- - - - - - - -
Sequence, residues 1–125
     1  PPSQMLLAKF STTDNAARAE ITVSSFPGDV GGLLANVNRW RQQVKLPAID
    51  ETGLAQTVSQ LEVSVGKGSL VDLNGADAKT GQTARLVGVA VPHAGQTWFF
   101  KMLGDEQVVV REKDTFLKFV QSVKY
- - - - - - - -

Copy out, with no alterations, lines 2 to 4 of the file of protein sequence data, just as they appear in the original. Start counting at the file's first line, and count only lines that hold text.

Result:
     1  PPSQMLLAKF STTDNAARAE ITVSSFPGDV GGLLANVNRW RQQVKLPAID
    51  ETGLAQTVSQ LEVSVGKGSL VDLNGADAKT GQTARLVGVA VPHAGQTWFF
   101  KMLGDEQVVV REKDTFLKFV QSVKY